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The Stars Sing Praise to God

For many years, scientists have heard sounds from outer space. After much research, scientists recently have discovered that the stars of outer space can sing. Long ago, the Bible describes God mentioning this event in Job 38:4 & 7: “Where wast thou when I laid the foundations of the earth? When the morning stars sang together, and the sons of God shouted for joy?”

When God created the Earth and the universe, he tells us, “The morning stars sang together, and the sons of God shouted for joy.”

This passage in the first part of verse seven has often been interpreted in a figurative way. Usually, this part of verse seven, “when the morning stars sang together,” was taken to mean, this was a title and reference to angels singing as God created the Earth and universe.

A literal interpretation of this part of the verse would be, “this is the sound of stars singing praise to God in the morning,” and the stars could be heard in the pre-Flood world through the reception and amplification of the firmament, the canopy over the Earth.

The passage continues in verse seven, “and the sons of God shouted for joy.” This is usually interpreted literally as, “this is a reference to the innumerable host of heavenly angels who were present in heaven when God made the Earth and universe, and they sang and shouted for joy at seeing the majestic God creating such a beautiful, astounding vast creation.” Certainly, the angels praised God for His glorious creation.

Another possibility of the phrase, “and the sons of God shouted for joy,” could be interpreted as this happening literally over a period of time, rather than happening at the moment of creation. Here, the line of believers from Adam through Seth to Noah would see the pre-Flood world reflecting the glorious splendor of God and hear the beautiful sounds of the stars each morning resounding as an orchestra of brilliant music and light. They would burst forth with song, bringing forth singing and shouting praise to God in antiphonal voices of music.

Dr. Carl Baugh of the Creation Evidence Museum of Texas explains, “NASA discovered some years ago that not only are the stars giving off radio waves, but some of the stars are giving off one million times as much radio energy as is produced in our entire Milky Way galaxy. Stars throughout the universe are emitting radio wave energy. NASA discovered to their astonishment that not only are these stars emitting radio waves of energy, but that there is music being emitted in a major key. The music being emitted from these stars is harmonious. NASA compared the music being emitted by these stars to the instruments of an orchestra that are in tune with each other.”

Because God created a firmament that was suspended over the Earth as a crystalline canopy that attracts, resonates and amplifies the sounds of the stars, as well as working like a biosphere to increase the air pressure, oxygen contents, and block harmful radiation, the pre-Flood Earth could hear the sounds of the stars more intensely.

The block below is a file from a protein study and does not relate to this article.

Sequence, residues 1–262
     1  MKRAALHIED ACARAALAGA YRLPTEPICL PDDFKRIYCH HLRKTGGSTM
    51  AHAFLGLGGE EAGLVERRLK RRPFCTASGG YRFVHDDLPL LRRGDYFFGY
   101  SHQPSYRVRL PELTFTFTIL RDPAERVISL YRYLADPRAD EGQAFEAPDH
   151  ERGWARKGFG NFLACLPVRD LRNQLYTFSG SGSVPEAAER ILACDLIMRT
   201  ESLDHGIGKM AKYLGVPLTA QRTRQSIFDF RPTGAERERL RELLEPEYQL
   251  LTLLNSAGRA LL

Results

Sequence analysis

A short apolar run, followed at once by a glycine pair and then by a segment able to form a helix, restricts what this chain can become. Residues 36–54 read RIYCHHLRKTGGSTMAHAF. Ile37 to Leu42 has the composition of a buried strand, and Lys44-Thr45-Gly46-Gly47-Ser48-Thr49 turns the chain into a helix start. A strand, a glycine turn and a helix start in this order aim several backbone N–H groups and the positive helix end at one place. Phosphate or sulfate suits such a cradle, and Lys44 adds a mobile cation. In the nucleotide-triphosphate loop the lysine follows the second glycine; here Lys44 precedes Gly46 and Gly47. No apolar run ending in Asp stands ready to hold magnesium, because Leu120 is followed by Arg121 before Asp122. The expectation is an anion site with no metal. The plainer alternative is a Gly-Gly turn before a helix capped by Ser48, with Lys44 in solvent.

Even Particles Have a Pitch

NASA has recently made a massive collection of audio files from many decades of space exploration freely available on the Internet on their website. By using this vast collection of recordings, we can hear the voices of the many missions of space programs as they occurred.

We can hear the voices of the astronauts and their respective command control center workers as they progressed through various stages of experiments, actual blastoffs and landings, and the voices recorded from the moon and outer space by our astronauts. They also have made the recordings of many exploratory space craft available and their subsequent recording of the planets of our solar system as they passed them on their way to the greater massive expanse of space.

Unusual sounds are heard that sometimes sound eerie, sometimes sound very futuristic and sometimes sound like sounds from Earth. For instance, the sound of escaping plasma has been recorded which sounds like birds singing. The various sounds are usually extremely low frequencies or are high frequencies that sound like the satellites are moving through air, but the plasma sounds are often closer to our hearing range.

The dust particles of Saturn have been recorded when passing through the rings of Saturn, and a powerful earthquake has been heard and recorded when passing Mars.

The Stars Sing in a Major Key

It is interesting to note that scientists hear these respective sounds from the stars, not just as a random blur of sound, but as a tone modulating in a major key.

Astronomers say they have heard the sound of a black hole singing. And what it is singing, and perhaps has been singing for more than two billion years, they say is a B flat – a B flat 57 octaves lower than middle C.